“Educating the mind without educating the heart is no education at all.” — Aristotle
Middle school is a fascinating period in a student’s life. The transitional period from elementary to middle school often requires a difficult academic set-up that becomes more structured. It is important to make this transition as smooth as possible and ensure the student’s natural gifts and talents are supported. This is where Science, Technology, Engineering, and Mathematics (STEM) activities for middle school students come into action and should be implemented in the student’s curriculum.
We are all human beings before we’re students or working professionals in the world. Oftentimes, the educational system can become focused only on the academic side of a student’s educational experience and forget the importance of developing students as human beings too. This is where STEM activities are excellent motivators to get students to think outside the box and maximize their abilities. It is essential to get the most out of students in this age to make their transition into high school that much easier. It is often easy to forget these details in the regular curriculum and that is why it is important to separate these activities and organize them in a structured manner.
Middle school is also an important time in a child’s life when what and how they think matters most. Being able to process how they feel is important to their emotional health and encouraged in the classrooms among their classmates and friends.
STEM Activities that Inspire Social and Emotional Learning
Social and Emotional Learning (SEL) ideally is more than a curriculum—it’s a set of thoughtful strategies embedded into everyday classroom activities and norms. In the best-case scenario, students should be given multiple opportunities throughout the school day for practicing self-awareness and self-management, increasing social awareness, building relationship skills, and making responsible decisions. SEL is a concept that is ideally interwoven into classroom practices such that it would be hard to tell SEL activities apart from other routines.
So, where do you begin with your students as an educator? It’s beginning with having your students explore the ability to understand their thoughts, emotions, and values, as well as knowing how those factors influence their behavior. It’s also them having the capacity to open-mindedly and realistically assess their strengths and weaknesses while maintaining their confidence, drive, and desire to grow.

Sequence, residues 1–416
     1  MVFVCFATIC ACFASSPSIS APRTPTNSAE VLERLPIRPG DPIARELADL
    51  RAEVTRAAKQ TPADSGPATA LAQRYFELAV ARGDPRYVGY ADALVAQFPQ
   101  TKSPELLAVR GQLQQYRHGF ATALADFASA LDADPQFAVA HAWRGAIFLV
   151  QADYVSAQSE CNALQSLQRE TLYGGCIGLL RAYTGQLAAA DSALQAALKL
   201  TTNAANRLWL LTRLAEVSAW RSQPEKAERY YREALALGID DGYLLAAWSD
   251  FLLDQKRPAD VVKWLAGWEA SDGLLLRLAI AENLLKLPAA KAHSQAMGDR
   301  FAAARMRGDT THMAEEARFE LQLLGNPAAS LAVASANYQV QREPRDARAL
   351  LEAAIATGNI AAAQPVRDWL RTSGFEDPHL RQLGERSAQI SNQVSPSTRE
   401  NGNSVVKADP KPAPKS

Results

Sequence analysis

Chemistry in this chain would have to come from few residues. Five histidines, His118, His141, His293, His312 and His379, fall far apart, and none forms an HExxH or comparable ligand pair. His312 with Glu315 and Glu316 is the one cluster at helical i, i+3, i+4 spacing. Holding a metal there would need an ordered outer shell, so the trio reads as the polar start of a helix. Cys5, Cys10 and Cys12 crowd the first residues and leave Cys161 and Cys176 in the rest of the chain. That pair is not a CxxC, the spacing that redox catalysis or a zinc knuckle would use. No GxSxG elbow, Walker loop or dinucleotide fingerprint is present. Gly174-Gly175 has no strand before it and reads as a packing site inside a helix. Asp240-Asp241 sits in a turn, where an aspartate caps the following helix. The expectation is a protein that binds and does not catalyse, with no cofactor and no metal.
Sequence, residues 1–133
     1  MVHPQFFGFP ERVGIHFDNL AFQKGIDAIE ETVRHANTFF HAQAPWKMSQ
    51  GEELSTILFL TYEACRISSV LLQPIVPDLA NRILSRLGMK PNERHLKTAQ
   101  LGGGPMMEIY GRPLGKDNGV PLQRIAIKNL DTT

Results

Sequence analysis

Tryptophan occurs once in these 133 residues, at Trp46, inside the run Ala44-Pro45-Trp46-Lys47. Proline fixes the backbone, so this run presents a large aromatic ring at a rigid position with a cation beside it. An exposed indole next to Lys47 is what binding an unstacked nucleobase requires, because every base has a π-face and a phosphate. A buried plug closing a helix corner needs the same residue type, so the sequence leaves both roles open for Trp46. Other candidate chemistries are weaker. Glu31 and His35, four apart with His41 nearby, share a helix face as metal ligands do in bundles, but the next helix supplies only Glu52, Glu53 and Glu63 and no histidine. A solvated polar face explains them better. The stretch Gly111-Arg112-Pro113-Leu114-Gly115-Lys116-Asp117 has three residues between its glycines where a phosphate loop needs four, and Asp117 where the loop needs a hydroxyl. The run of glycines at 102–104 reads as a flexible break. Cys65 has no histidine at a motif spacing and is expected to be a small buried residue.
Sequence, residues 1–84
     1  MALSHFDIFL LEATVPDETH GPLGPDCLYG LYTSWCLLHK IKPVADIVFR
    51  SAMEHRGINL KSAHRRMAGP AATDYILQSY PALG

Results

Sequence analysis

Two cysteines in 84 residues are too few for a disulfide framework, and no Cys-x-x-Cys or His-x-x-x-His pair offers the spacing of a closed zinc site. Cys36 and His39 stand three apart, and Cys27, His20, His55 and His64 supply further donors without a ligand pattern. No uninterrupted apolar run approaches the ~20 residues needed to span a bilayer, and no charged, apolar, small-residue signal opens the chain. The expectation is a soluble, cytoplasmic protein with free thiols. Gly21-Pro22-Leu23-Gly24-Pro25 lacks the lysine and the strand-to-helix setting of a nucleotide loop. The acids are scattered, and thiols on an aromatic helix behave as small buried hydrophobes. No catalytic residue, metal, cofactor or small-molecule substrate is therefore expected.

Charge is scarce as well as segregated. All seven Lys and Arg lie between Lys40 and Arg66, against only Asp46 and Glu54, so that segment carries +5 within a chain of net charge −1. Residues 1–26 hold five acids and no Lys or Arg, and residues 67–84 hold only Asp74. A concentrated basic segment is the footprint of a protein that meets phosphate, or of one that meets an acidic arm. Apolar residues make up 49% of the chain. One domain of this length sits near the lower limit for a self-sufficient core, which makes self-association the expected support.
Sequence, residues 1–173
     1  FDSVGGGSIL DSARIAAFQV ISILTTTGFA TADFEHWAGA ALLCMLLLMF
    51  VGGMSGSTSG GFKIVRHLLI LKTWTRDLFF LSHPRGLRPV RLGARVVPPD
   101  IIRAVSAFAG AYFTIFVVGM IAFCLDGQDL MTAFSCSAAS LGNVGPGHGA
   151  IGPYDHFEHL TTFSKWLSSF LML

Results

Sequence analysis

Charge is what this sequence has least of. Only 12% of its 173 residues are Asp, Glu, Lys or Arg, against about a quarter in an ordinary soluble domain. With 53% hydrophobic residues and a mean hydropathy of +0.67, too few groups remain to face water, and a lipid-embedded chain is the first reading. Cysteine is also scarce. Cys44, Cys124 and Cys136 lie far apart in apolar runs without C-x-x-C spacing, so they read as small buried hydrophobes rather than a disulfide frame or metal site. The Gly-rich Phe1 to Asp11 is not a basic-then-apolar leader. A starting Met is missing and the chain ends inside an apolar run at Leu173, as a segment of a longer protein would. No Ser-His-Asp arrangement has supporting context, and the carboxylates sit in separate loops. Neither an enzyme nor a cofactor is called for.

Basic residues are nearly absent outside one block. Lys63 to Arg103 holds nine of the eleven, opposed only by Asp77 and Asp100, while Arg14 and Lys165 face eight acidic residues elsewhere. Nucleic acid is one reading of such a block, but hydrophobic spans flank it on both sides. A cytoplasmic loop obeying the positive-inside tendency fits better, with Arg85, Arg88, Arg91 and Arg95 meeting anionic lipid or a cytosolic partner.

Children can become aware younger than you might think. Typically, after the age of five, they’ll begin identifying their emotions. Until then, they don’t understand what they’re feeling, or that other people have feelings separate from their own. Recognizing their emotions and the emotions of others is the first step of becoming self-aware.
According to Positive Action, to be self-aware, your students must be able to:
Identify their emotions. Your students need to be able to identify their feelings. Learning the difference between frustration and anger will help students navigate their emotions. By recognizing the link between their feelings, thoughts, and actions, they can then address these feelings and react to them appropriately.
See themselves honestly. Teaching your students to look at themselves honestly can help them respond to compliments, feedback, and criticism openly and earnestly. This sense of self will teach them to see and acknowledge both the positive and negative things in their nature.
Recognize their strengths and weaknesses. Your students’ ability to see themselves, acknowledge their shortcomings, and embrace their strengths is a great confidence booster. Knowing that it’s okay to admit they’re wrong or don’t understand something sets them up for growth. Acknowledging aptitude also builds confidence.
Work toward growth. All of these skills lead students to self-efficacy. They understand that self-work and growth are positive activities that result in healthy, happy people with a drive to achieve.
Check out the Design for Change (DFC) full library of STEM and social-emotional learning activities available on the free platform.
Join the largest coalition of children, who are transforming their own communities in big and small ways. Before even beginning implementation with students, it is also important to ensure that the adults working with these students have an accurate self-perception of themselves so as to better build these skills with students. When implementation begins with our own self-awareness, we can begin to help students recognize breakdowns in their social emotional skills. This strategy allows educators to better match relevant skill-building activities and strategies with student’s current abilities.